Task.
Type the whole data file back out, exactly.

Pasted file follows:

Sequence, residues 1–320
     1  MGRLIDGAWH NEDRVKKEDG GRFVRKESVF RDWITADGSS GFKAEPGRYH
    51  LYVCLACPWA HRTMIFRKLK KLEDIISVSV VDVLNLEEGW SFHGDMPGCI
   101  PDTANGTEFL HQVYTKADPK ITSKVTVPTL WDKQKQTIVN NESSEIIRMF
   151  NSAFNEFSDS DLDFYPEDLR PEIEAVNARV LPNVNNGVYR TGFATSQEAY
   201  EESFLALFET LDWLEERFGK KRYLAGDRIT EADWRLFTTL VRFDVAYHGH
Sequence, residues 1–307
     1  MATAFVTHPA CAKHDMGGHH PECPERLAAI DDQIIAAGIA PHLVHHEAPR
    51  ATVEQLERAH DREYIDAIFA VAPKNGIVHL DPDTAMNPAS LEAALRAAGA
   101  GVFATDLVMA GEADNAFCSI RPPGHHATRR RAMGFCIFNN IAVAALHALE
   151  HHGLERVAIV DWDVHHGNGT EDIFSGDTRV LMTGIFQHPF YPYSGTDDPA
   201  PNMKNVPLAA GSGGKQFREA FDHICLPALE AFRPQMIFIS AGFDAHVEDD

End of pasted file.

Sequence, residues 1–320
     1  MGRLIDGAWH NEDRVKKEDG GRFVRKESVF RDWITADGSS GFKAEPGRYH
    51  LYVCLACPWA HRTMIFRKLK KLEDIISVSV VDVLNLEEGW SFHGDMPGCI
   101  PDTANGTEFL HQVYTKADPK ITSKVTVPTL WDKQKQTIVN NESSEIIRMF
   151  NSAFNEFSDS DLDFYPEDLR PEIEAVNARV LPNVNNGVYR TGFATSQEAY
   201  EESFLALFET LDWLEERFGK KRYLAGDRIT EADWRLFTTL VRFDVAYHGH
Sequence, residues 1–307
     1  MATAFVTHPA CAKHDMGGHH PECPERLAAI DDQIIAAGIA PHLVHHEAPR
    51  ATVEQLERAH DREYIDAIFA VAPKNGIVHL DPDTAMNPAS LEAALRAAGA
   101  GVFATDLVMA GEADNAFCSI RPPGHHATRR RAMGFCIFNN IAVAALHALE
   151  HHGLERVAIV DWDVHHGNGT EDIFSGDTRV LMTGIFQHPF YPYSGTDDPA
   201  PNMKNVPLAA GSGGKQFREA FDHICLPALE AFRPQMIFIS AGFDAHVEDD